One frequently discussed question is how to be happy in the present, to be conscious and joyfully live every moment, instead of thinking of the past or the future. There are already a vast amount of answers to that, but is that state of mind really that easy to achieve?
One of my friends asked the following simple question that is intended to guide us to the path mentioned above. “If you had infinite money for one day, what would you do with it?” You can’t invest in real estates, nor you can use any method to save the money for the next day. You can’t either command other people to do specific things, unless you are sure they’d do it naturally or they’d surely do something for your money. For example, you can call some hookers, or be with your friends if they are available.
The problem with this question that it breaks to two other questions wheter we take the happy future into consideration. In the first version, any act performed would not affect our happiness of tomorrow. This model is flawed, since if I bought alcohol and drank it all up, it would probably cause some hangover the next day. If I had a one-night stand, it would affect my relationship, even my health in some unlucky cases. So, in this case, we just can’t prescind from life of tomorrow. Many things that could make us happy today could also mess our future life, and we definitely don’t wish that. There are things we can lose, our health, friends, relationships, or money.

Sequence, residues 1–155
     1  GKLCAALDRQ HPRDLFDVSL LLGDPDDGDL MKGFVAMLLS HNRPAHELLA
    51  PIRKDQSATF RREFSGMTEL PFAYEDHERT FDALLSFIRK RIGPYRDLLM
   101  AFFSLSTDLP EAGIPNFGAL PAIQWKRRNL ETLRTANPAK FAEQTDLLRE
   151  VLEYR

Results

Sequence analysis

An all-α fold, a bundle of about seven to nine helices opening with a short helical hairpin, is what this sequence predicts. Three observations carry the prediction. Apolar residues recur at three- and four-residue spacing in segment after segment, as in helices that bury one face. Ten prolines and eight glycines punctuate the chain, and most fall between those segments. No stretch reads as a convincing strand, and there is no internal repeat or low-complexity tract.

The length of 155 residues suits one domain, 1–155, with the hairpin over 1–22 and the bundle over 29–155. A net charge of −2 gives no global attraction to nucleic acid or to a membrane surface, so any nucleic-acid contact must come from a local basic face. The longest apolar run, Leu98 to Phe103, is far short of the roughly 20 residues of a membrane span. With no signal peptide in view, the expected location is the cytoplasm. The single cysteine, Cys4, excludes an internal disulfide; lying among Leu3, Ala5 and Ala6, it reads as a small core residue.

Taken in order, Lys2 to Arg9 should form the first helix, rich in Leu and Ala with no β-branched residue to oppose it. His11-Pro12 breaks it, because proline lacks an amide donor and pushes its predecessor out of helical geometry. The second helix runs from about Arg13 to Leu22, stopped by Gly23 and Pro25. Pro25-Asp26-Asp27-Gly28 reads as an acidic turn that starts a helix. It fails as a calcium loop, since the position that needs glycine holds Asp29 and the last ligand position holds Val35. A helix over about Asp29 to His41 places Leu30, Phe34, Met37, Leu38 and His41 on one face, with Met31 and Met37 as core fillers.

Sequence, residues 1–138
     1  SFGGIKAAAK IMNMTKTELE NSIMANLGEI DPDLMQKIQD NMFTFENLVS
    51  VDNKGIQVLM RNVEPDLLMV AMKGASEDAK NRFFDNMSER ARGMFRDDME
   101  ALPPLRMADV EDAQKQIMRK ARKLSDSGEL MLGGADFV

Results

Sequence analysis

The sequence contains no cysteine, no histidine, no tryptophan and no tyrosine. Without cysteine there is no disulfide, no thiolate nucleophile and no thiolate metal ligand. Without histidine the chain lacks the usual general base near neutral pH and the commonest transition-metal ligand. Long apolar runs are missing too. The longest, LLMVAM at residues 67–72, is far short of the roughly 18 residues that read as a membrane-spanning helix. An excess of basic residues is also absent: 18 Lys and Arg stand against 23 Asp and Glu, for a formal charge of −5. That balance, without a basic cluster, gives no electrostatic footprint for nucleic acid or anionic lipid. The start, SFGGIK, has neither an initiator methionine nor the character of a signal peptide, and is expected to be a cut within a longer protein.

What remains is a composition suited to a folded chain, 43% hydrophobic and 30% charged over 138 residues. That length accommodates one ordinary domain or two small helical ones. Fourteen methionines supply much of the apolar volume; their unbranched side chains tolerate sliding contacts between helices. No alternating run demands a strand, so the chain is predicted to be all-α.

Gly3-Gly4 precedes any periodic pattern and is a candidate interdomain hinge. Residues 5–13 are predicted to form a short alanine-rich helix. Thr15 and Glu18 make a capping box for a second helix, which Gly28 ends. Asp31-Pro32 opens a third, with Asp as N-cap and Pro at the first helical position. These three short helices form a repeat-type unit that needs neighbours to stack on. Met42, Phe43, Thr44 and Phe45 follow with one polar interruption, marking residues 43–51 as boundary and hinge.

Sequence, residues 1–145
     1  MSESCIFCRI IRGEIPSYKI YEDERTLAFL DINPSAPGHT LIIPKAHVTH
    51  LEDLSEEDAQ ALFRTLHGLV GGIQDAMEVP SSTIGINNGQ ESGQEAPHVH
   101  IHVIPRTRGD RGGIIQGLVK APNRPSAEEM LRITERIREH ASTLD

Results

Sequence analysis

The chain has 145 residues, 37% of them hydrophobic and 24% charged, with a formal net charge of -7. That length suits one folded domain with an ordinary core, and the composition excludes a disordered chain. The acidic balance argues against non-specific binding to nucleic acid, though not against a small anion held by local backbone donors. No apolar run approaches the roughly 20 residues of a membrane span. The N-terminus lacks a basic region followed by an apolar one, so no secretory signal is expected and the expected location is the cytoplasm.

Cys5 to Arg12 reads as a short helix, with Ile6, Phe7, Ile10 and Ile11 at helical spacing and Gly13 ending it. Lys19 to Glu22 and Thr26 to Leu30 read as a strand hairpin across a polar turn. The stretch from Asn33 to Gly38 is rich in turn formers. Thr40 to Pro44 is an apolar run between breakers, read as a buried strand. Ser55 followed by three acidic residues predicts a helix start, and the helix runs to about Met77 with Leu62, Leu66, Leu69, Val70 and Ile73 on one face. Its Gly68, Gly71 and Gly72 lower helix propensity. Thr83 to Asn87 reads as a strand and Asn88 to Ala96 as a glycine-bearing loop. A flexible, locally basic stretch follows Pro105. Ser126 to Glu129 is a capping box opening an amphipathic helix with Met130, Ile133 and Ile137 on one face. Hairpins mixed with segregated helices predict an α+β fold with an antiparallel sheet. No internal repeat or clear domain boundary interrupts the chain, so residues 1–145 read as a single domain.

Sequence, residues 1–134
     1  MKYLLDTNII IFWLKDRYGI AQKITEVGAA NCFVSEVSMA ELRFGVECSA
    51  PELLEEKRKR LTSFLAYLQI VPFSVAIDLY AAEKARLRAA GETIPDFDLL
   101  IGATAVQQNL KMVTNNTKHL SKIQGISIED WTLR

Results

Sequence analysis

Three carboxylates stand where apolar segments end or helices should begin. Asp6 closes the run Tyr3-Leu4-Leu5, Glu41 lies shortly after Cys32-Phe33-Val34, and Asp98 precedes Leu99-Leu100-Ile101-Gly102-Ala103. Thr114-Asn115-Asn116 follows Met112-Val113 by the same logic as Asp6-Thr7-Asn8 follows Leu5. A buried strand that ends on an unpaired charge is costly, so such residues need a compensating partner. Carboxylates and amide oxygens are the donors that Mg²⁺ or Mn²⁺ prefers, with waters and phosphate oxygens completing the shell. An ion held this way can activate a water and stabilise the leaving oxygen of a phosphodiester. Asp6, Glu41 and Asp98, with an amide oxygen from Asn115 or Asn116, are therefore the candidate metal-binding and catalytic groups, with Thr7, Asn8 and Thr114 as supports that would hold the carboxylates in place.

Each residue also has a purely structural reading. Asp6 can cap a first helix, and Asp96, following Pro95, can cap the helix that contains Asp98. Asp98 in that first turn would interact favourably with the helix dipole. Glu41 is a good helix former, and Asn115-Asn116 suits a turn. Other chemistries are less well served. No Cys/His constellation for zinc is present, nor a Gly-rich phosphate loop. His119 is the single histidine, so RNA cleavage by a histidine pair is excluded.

The second version is a more complicated path to explore. We can deduce from the above thoughts that we all more-or-less care about the future. But for how far? There are many smokers who know cigarettes make their life shorter, but health issues might seem to be so far that renders the issue unimportant for them. The same with alcohol. I have a beer every couple of days average, but I don’t think about gaining fat, possibility of addiction or the money I could save. We prefer short-term happiness to some point, instead of the long-term one. We all make choices to optimize happiness in our chosen time frame, according our best knowledge and intentions. So, how am I supposed to live for the moment? I’d rather live for the year, or more likely, for the next couple of decades. I wish to live for at least 50 years from now, so if I’m careful and smart enough, my planned acts aim for optimization of happiness over this period. I work so I can eat. I try my best to have sufficient amout of sleep time in order to be fresh each day. Most of my acts aim happiness, so this “carpe diem” thing would only wreck my progress. If I lived for the moment I’d probably be dead by the end of the month. However, having my acts limited, I don’t have to be unhappy about it. None of us have.
Let’s just bring this idea to the conscious level. Let’s sleep and wake up every day with the certainty that we all do our best to make ourselves happy. Of course, mistakes are made, and acceptance is the only solution for them. Forgiving to ourselves is a cornerstone of our happiness. So does distribution. I probably wouldn’t suffer for being outstandingly happy after 20 years from now. I probably also wouldn’t shoot anybody just to fulfill any desire today and go to jail tomorrow. Finally, the third essential key to happiness is thinking. Lucky are the people whose happiness is important to others, but even if nobody cares about us, we should care about ourselves and think about what would make us happy, and how to achieve it. That should be a practice for every day.
As some final thought, I’ll just link this book about achieving happiness.